Article Correctness Is Author's Responsibility: Portland Prepares for the Freeway Fight of the Century

No two transportation projects are identical. But an investment in freeway infrastructure is, at the end of the day, an investment in freeway infrastructure—even if there’s a patch of grass on top.

Which means that Oregon has joined the growing list of states pushing highway expansion projects on rather disingenuous grounds. On Sunday, Portland Mayor Ted Wheeler joined Oregon Public Broadcasting to voice his enthusiastic support for the I-5 Rose Quarter Project, a $450 million proposal to widen the freeway through the historically black neighborhood known as Albina. The project got a funding boost from the state’s newly passed transportation bill. (The same one that inexplicably taxed bikes.)

But the mayor touted the project as “an opportunity to restore one of our most historic, and not coincidentally, African-American neighborhoods.” That’s because, according to the mayor, this is no run-of-the-mill mega-expansion. “The part that no one talks about, and that frankly is most interesting, is capping I-5 and reconnecting the street grid,” he said. “It’s mostly a bike and pedestrian play.”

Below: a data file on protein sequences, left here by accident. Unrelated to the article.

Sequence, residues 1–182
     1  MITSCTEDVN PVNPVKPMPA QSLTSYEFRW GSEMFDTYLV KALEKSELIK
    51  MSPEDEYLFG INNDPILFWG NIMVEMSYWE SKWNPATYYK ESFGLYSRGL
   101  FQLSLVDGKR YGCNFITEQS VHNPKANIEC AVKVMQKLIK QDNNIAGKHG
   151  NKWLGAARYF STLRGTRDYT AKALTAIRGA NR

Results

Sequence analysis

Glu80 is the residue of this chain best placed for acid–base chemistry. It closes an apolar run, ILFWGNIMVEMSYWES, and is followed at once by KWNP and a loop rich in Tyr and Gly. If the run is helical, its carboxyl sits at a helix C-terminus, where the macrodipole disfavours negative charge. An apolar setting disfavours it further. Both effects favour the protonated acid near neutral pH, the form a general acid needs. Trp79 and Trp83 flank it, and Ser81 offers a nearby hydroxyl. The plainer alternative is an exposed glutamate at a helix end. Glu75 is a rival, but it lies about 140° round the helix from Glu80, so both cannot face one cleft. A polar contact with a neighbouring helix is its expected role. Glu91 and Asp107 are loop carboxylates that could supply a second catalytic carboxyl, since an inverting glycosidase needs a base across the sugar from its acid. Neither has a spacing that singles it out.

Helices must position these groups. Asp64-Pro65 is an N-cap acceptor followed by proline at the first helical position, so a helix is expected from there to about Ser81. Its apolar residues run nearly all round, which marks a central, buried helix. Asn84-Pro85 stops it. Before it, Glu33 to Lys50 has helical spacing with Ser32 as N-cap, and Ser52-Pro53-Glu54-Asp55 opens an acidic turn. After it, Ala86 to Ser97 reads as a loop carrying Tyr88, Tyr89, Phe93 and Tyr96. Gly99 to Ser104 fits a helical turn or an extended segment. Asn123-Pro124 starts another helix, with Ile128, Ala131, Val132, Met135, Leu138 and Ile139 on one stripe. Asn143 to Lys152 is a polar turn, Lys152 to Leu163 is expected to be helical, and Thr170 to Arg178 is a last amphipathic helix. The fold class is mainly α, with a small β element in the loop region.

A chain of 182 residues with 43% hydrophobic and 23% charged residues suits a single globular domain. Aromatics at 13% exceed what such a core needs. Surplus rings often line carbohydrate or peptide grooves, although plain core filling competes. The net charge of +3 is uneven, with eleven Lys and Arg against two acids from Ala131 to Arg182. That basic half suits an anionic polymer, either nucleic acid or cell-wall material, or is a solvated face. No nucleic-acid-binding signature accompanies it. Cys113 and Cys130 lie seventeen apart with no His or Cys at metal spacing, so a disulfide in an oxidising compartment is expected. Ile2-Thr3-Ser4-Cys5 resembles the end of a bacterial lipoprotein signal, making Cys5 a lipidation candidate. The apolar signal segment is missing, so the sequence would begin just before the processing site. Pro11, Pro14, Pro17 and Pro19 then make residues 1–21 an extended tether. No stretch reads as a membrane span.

To be fair, this project not as terrible as, say, Houston’s record-ginormous expansion of the Katy Freeway. And no doubt, this I-5 corridor needs help. According to the Oregon Department of Transportation, this quarter-mile section of I-5 suffers the highest crash rate of any highway in the state—and it’s been rated one the most congested in the country. It’s just two lanes on each side, making it one of the narrower urban highways in North America, and merging can be a nerve-wracking experience. To remedy it, ODOT wants to build additional “auxiliary lanes” in each direction through Rose Quarter, which it promises will reduce crashes and—wait for it—cut congestion, according to the Portland Mercury.

The proposed corridor for Portland’s I-5 expansion. (Soren Walljasper/CityLab)